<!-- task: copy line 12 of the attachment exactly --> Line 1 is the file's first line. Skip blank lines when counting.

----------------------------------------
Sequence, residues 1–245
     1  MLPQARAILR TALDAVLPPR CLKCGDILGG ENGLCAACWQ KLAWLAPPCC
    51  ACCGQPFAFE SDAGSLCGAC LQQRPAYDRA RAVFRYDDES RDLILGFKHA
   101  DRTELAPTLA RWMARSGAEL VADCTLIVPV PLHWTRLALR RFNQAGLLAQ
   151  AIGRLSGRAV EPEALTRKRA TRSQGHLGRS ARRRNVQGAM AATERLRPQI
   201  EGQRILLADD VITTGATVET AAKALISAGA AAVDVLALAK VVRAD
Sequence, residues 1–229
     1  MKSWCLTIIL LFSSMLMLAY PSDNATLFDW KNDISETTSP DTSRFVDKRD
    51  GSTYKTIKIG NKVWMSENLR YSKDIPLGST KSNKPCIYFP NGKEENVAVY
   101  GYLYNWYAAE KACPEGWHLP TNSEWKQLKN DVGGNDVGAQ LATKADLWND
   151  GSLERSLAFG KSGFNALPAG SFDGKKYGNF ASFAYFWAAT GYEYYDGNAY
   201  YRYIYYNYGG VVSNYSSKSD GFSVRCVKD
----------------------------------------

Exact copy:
   201  YRYIYYNYGG VVSNYSSKSD GFSVRCVKD